Here is some info on a sister religon to Voodoo, Santeria. This is not my article this is from http://www.associatedcontent.com/article/341073/african_religions_santeria.html?cat=34
The Santer?a history really originated from the West African religions that was brought to the New World by slaves. Santer?a was imported to the Caribbean to work in the sugar plantations. These slaves held on to their religious traditions, some which involved a possession trance tradition used for communicating with ancestors and their gods, animal sacrifice use, and the practice of sacred drumming and dance. While holding on to their own religious traditions, the African slaves were forced to convert to Catholicism. With the Catholic conversion, the slaves were able to combine several beliefs and rituals from the Dahomean, baKongo (Congo), and Lukum? with the Catholic culture.
The present time, thousands of people practice Santeria. Many practitioners are people of Hispanic/Latino and Caribbean descent. But as Santeria becoming popular, a growing number of people are of
African-American and European-American ancestry. Today, this traditional religion of Lukum?/Santer?a is present in many parts of the world. This includes the United States, Canada, some parts of Europe, the Caribbean, and many areas with a large population of Latin Americans. However, some people who practices Cuban Santeria, Haitian Vodun, Puerto Rican Spiritualism, or Afro-Latin religions, do not see a difference in the orisha, the godly ancestors of the Lukum??s Ifa religion and the saints.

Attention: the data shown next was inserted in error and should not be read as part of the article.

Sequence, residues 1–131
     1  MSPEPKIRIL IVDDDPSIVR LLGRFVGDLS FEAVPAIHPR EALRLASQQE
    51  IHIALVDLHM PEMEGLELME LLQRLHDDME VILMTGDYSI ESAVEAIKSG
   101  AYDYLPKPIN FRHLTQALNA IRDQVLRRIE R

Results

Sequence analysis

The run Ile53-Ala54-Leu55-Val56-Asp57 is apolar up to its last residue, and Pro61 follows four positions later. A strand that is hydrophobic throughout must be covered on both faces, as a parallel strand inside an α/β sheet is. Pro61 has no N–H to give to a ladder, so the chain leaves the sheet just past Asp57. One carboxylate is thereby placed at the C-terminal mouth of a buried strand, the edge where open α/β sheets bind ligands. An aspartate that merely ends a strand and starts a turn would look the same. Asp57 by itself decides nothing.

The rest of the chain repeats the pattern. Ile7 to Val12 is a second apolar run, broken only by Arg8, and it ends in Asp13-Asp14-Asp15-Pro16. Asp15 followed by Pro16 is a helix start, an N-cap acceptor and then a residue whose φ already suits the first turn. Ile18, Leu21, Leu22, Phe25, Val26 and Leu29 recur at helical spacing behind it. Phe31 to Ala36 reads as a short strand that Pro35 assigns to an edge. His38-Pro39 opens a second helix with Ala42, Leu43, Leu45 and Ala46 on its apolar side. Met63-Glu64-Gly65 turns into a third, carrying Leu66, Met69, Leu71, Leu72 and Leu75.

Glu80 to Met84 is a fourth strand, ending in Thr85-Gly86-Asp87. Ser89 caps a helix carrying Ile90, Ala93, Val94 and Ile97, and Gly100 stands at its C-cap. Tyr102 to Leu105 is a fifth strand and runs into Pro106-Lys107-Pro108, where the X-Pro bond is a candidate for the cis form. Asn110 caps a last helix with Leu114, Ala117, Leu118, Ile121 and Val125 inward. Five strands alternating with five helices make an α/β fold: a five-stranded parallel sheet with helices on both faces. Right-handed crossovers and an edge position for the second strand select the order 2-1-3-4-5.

Santer?a religion was delivered orally until the last decade when a number of books have been published about this old religious tradition. Their practice often include dance, animal offerings, songs, and sprinking
Mercury around the house. The most talked-about rituals in the Santer?a religion is the animal sacrificing. The priests are trained to kill animals in a humane and safe method. As a result, the cooked animal is eaten by the community. For example, chicken is the main food for many people of African descent and Creole cultures. After the chicken is killed, the blood is given to the orisha, or deity, while everyone eats the meat.
Animal sacrifice is not the only ritual that is offered to the orisha. Trees are also part of the orisha offering. Music from the drum and dancing are part of a prayer and at a time will cause a state of trance in a priest that has been initiated. The priest is possesed and inform the orisha, giving information to the community as well as individuals, allowing healing to take place. In the Lukum? religion, every ritual and ceremony starts with paying tribute to his/her ancestors.
The Yoruba people believe in Oloff?, which is the Creator, or God. The Yoruba religious system is not a two-sided philosophy; good versus evil; God versus devil, but rather see the universe as expanding forces and forces of contraction. Everything that is present is either seen having a positive perspective, or Ir? and/or a negative perspective, or Ibi. Many situations are viewed as completely good or completely evil, but every aspect is viewed as having different proportions of both. Actions are mainly judged upon the circumstances and context in which it has taken place.
Iwapele, or good character refers to the philosophy doing positive things because it is the right thing to instead of fearing of retribution or as a way to receive rewards, but because is right. Every human being have the potential of being blessed and good people as well as the potential to make bad and/or evil decisions.
Say what you know about Santeria. Say if anything was incorrect.